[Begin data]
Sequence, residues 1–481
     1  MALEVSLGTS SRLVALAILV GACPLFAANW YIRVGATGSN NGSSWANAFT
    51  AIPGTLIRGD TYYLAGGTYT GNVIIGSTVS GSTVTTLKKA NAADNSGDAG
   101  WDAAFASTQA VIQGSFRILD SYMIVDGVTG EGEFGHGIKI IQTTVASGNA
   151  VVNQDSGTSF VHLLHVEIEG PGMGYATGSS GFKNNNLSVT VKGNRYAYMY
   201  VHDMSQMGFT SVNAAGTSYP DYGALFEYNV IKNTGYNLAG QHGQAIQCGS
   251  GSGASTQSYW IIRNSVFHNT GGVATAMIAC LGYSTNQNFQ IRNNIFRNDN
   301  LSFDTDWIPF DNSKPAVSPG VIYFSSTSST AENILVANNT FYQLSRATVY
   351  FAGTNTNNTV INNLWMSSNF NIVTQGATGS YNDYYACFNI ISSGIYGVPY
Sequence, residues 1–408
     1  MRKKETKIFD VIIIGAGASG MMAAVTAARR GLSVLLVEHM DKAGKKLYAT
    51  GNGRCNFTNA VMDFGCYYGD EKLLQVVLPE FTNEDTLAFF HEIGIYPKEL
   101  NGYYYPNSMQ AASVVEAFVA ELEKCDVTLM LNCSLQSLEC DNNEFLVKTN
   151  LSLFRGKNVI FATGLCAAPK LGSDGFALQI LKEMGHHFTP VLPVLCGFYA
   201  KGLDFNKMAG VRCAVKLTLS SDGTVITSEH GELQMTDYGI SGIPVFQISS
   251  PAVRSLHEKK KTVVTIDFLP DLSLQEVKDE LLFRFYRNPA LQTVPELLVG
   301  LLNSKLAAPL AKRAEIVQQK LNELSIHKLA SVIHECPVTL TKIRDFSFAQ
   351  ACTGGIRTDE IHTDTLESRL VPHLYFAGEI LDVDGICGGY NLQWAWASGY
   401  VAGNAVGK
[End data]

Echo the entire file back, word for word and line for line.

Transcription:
Sequence, residues 1–481
     1  MALEVSLGTS SRLVALAILV GACPLFAANW YIRVGATGSN NGSSWANAFT
    51  AIPGTLIRGD TYYLAGGTYT GNVIIGSTVS GSTVTTLKKA NAADNSGDAG
   101  WDAAFASTQA VIQGSFRILD SYMIVDGVTG EGEFGHGIKI IQTTVASGNA
   151  VVNQDSGTSF VHLLHVEIEG PGMGYATGSS GFKNNNLSVT VKGNRYAYMY
   201  VHDMSQMGFT SVNAAGTSYP DYGALFEYNV IKNTGYNLAG QHGQAIQCGS
   251  GSGASTQSYW IIRNSVFHNT GGVATAMIAC LGYSTNQNFQ IRNNIFRNDN
   301  LSFDTDWIPF DNSKPAVSPG VIYFSSTSST AENILVANNT FYQLSRATVY
   351  FAGTNTNNTV INNLWMSSNF NIVTQGATGS YNDYYACFNI ISSGIYGVPY
Sequence, residues 1–408
     1  MRKKETKIFD VIIIGAGASG MMAAVTAARR GLSVLLVEHM DKAGKKLYAT
    51  GNGRCNFTNA VMDFGCYYGD EKLLQVVLPE FTNEDTLAFF HEIGIYPKEL
   101  NGYYYPNSMQ AASVVEAFVA ELEKCDVTLM LNCSLQSLEC DNNEFLVKTN
   151  LSLFRGKNVI FATGLCAAPK LGSDGFALQI LKEMGHHFTP VLPVLCGFYA
   201  KGLDFNKMAG VRCAVKLTLS SDGTVITSEH GELQMTDYGI SGIPVFQISS
   251  PAVRSLHEKK KTVVTIDFLP DLSLQEVKDE LLFRFYRNPA LQTVPELLVG
   301  LLNSKLAAPL AKRAEIVQQK LNELSIHKLA SVIHECPVTL TKIRDFSFAQ
   351  ACTGGIRTDE IHTDTLESRL VPHLYFAGEI LDVDGICGGY NLQWAWASGY
   401  VAGNAVGK